Fela. The larger than life was in his early 50’s in 1990 and in his final decade.
A view of his live performance on 30th September 1990, gives the sense is of eclectic euphoria. The sound is one of clashing sounds arousing different emotions. The sounds would go classical, spiritual and even traditional.
After his return from studies in England, a young Fela started work at the Nigerian radio cooperation. Married with two kids, Yeni narrates that his mother was still the breadwinner of the family at the time. His mum would lament “This one that you are always begging me for money why don’t you go and play highlife or something”. Fela claims that it was at that time that he got the idea to fuse African music into his jazz style music.
Paying a heavy price for musical activism, he was a major proponent of the African identity.
“Yes in England you can sing about love and who you are going to bed with next….. But in my own environment, my society is under developing because of an alien system on our people. So there is no music for enjoyment, there is nothing like love. There is only a struggle for people’s existence. So as an artist politically and artistically the whole idea about your environment must be represented in the Arts”.
This represented the very core of his musical existence, that Art must represent your surroundings. It should be able to mark time, place and events. And indeed the break came in 1971 with Jeun Koku a hit song and many more songs after that. It was a well-earned reward for perseverance and trust in the creative process as fusing different genres of music was no mean feat. “I lost a lot of crowd during that period but I still kept going,” says Fela.
A glimpse into his earlier days shows nothing too significant. “In our university days, we would host parties and the girlfriends would cook…. He thought politics was a pure waste of time until he found his satori” says Wole Soyinka a Nobel laureate who happens to be his cousin. Soyinka did, however, criticize his blindfold stance to Pan- Africanism. To him, it was absolutely naïve to sympathize with Idi Amin despite his human rights record.
FELA AND MEDICINE
Fela would not touch pharmaceutical manufactured medicine. To him, African indigenous medicine was of a “higher wavelength” when compared to western medicine. Fela would later die of AIDS at the age of 58 and his death would become a major reference point for AIDS awareness in Nigeria.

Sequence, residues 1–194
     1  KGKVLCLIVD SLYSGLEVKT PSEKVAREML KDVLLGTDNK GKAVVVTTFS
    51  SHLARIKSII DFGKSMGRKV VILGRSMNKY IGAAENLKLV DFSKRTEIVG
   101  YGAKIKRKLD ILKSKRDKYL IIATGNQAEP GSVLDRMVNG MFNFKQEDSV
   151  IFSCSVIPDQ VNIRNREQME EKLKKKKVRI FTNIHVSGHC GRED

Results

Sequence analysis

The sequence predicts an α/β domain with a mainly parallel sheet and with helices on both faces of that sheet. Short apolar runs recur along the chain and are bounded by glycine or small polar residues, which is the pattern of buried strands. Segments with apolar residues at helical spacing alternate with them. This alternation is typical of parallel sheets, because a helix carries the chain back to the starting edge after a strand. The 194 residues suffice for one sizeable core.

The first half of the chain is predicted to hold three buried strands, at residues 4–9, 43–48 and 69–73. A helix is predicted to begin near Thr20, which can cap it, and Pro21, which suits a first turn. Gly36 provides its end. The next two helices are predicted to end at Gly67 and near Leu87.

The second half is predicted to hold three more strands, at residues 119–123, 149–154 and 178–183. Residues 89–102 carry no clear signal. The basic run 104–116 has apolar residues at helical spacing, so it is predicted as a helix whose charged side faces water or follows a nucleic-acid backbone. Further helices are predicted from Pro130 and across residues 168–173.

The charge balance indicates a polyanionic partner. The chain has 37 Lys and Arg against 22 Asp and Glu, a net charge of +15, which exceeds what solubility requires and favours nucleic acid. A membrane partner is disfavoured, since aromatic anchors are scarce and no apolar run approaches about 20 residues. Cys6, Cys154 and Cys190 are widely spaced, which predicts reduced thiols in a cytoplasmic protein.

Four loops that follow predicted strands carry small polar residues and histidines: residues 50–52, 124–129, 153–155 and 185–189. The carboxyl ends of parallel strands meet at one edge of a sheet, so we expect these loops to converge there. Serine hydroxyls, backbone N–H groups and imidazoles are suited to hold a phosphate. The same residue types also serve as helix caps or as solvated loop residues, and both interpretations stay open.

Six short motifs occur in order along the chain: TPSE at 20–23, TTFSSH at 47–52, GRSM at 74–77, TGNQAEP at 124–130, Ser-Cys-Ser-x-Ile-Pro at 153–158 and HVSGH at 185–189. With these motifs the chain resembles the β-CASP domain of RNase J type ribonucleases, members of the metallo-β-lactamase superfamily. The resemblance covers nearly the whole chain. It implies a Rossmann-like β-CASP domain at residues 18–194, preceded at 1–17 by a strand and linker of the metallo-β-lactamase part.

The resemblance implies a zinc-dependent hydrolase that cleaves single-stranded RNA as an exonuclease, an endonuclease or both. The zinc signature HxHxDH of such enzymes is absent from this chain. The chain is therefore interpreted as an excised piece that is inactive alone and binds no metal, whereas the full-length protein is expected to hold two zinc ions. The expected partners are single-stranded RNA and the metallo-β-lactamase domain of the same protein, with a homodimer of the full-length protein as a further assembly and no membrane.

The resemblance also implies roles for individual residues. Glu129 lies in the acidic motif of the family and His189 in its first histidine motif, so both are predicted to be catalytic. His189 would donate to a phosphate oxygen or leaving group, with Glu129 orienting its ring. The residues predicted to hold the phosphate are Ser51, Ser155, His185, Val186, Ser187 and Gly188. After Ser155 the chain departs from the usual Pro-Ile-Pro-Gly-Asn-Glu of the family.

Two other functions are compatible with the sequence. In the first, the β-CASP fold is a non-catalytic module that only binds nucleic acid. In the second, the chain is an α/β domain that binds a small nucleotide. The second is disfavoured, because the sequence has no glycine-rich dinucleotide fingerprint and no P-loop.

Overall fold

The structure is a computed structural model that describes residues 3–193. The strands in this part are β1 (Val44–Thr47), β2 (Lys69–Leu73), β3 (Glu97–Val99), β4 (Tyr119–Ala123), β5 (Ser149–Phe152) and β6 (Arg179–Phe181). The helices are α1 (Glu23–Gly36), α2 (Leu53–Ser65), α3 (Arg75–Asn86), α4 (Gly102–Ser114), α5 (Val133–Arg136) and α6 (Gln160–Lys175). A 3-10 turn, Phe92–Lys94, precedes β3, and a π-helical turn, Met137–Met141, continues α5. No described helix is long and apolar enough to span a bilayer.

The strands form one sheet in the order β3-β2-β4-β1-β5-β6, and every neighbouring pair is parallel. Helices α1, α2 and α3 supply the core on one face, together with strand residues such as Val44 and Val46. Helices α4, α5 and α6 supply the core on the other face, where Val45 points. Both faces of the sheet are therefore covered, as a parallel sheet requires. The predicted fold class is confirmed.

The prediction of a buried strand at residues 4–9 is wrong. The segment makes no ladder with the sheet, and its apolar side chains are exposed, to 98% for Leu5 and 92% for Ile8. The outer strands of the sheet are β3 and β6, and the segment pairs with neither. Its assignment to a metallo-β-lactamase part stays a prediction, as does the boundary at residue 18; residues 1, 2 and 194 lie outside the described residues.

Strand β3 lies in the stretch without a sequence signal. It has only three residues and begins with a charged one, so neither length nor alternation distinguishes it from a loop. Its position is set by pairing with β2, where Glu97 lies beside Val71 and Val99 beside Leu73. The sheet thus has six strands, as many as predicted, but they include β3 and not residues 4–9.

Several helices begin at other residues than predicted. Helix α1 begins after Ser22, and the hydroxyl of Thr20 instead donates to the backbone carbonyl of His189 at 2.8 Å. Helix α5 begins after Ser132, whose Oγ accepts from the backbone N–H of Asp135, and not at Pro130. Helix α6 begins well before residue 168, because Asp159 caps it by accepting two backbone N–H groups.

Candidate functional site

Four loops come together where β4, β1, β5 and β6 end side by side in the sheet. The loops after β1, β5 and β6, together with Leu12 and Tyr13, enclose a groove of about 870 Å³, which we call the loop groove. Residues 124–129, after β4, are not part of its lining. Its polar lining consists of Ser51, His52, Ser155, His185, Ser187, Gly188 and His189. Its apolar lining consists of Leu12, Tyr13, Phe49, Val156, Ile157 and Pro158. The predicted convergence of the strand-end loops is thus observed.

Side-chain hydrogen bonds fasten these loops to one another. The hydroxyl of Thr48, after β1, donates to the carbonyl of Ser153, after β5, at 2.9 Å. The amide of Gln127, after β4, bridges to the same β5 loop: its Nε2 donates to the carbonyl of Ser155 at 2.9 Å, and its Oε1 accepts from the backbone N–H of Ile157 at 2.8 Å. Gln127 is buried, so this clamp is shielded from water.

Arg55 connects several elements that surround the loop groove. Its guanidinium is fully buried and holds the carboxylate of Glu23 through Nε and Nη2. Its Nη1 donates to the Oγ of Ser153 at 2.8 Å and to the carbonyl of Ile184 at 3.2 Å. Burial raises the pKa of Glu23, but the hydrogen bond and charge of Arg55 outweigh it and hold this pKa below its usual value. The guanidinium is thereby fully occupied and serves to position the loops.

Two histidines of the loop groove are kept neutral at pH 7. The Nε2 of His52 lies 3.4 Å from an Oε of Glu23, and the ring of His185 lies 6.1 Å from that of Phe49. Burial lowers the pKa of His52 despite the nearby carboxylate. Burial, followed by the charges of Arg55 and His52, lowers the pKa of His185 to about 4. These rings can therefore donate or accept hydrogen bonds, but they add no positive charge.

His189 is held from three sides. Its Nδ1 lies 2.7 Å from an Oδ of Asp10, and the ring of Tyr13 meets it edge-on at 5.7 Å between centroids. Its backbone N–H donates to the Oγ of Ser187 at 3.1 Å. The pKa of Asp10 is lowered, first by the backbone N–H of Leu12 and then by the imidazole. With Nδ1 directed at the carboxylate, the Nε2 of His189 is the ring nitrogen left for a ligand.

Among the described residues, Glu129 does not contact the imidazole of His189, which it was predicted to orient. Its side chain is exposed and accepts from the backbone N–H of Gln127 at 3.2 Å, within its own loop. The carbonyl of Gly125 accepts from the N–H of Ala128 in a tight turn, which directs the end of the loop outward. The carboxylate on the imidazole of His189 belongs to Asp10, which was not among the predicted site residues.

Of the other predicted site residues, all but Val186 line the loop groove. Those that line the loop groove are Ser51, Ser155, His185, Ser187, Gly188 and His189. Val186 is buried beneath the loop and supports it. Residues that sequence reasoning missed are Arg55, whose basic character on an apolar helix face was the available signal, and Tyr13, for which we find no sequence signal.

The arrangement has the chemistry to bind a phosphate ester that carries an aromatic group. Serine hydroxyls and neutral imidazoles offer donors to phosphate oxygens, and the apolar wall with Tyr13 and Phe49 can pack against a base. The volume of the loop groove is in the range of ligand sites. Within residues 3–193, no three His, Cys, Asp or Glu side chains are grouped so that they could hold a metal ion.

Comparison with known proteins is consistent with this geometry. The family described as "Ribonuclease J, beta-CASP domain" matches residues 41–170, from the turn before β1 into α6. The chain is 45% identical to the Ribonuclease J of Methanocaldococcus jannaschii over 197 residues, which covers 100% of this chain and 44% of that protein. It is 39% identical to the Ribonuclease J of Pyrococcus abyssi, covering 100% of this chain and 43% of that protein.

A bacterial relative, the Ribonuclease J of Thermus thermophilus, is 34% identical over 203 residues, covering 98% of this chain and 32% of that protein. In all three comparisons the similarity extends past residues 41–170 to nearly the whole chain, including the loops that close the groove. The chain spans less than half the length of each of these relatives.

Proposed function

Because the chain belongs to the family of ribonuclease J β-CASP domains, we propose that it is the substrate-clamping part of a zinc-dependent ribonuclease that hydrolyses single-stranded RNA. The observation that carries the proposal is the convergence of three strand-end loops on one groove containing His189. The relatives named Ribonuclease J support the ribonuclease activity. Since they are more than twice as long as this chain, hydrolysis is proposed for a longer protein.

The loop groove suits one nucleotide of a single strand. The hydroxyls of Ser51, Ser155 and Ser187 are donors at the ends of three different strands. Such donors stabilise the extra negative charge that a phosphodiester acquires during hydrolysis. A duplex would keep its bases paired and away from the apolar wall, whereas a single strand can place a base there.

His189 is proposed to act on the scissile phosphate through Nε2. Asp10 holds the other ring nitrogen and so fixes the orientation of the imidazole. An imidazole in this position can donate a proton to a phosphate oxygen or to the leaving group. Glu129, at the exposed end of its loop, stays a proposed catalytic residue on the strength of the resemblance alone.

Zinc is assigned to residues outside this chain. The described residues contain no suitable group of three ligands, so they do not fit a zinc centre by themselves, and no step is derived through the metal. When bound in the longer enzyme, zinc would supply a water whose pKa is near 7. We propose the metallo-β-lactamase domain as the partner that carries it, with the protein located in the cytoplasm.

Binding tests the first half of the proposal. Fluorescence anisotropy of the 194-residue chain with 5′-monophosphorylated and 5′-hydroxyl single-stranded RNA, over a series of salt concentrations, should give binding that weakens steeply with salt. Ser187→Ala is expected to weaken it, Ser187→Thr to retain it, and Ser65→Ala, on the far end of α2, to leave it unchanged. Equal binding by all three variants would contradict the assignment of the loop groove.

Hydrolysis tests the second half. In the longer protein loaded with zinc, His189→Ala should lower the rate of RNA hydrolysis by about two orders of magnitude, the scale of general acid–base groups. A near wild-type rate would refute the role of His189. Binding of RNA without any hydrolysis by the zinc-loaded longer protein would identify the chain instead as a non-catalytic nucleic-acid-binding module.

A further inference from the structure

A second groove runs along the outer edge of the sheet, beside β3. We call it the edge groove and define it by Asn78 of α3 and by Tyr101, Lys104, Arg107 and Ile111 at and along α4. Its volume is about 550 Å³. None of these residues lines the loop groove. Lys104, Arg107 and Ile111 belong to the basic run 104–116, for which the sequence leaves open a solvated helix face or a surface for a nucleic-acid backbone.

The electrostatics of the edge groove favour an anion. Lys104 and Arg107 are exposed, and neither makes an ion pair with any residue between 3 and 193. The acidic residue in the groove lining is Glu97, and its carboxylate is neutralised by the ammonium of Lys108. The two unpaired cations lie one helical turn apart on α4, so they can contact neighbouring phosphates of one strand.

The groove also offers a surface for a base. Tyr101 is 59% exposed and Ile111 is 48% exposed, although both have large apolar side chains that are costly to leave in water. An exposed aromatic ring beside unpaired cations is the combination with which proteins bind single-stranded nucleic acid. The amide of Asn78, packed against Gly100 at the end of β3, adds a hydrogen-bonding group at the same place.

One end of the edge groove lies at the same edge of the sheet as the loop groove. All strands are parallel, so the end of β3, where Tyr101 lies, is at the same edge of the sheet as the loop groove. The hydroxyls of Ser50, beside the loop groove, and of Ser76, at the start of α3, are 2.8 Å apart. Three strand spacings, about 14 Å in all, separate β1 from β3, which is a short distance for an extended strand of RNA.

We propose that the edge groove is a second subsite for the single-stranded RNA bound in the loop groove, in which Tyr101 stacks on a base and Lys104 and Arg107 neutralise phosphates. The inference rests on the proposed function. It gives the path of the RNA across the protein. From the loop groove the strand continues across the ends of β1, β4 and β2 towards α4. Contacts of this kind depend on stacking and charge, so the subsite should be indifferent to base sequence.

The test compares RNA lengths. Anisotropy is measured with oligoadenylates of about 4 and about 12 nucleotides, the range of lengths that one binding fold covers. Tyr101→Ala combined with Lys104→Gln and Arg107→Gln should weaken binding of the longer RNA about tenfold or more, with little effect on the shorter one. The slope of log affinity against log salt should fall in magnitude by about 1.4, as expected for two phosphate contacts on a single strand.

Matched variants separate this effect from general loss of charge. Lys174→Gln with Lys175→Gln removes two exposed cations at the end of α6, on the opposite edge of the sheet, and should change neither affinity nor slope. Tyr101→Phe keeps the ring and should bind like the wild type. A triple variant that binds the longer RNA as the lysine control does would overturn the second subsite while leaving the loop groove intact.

Critics have cited his death as a flaw in his argument for indigenous medicine. However, it is tempting to ask what the case would have been if he had lived until the ripe old age of 89, as many had done without any attestation to modern medicine. Wouldn’t he have proved his point? He died of an illness that even modern medicine could not cure (but can prevent). His was a classic case of an experiment unsuccessful on the balance of probabilities.
FELA AND SANKARA
Fela’s friendship with Thomas Sankara is also of worthy note. A critic of presidents and leaders all over the world, he would forge a friendship with Thomas Sankara, a one-time commander in chief of Burkina Faso. Theirs was a friendship of leftists and idealists that commanded the awe of the anti-establishment. Sadly, the friendship would not last 24 months.
As Fela was still basking in the glory of prison release in 1987, Sankara was overthrown and eventually killed by his best friend and second in command. He died on October 15th – Fela’s birthday.
FELA AND EDUCATION
Fela didn’t believe in formal education. He did not actively support his children’s education. He encouraged his first son Femi to drop out of school. This was perhaps ironical for someone who had gotten quality education on a platter of gold. His grouse could be attributed to his dislike for academic pressures and rigour.
But he did have a point. Maybe formal education is not a prerequisite for success. Maybe formal education denies you the ability and time to explore your innate qualities and primal inclinations. Today, Femi his son is a very successful Artiste well read and well versed in the ways of the world.
Contrastingly, Femi disagrees, “I could have ended up anywhere” he stated. As far as he is concerned it was an unworthy gamble which he cannot guarantee that everyone can get away with. He has decided to make sure that all his kids go to school.
On the occasion of a Fela album launch on the eve of Nigeria’s Independence Day celebration in 1990, Femi Falana, his young lawyer lambasted the government for its inability stop the dwindling value of the Naira. The lawyer jovially suggested that perhaps a recolonization of Nigeria will be necessary.
But that in itself is subject to another debate.
Abdulsalam Abdullahi is a student at the Nigerian Law school. You can follow him on Twitter @shakaabdul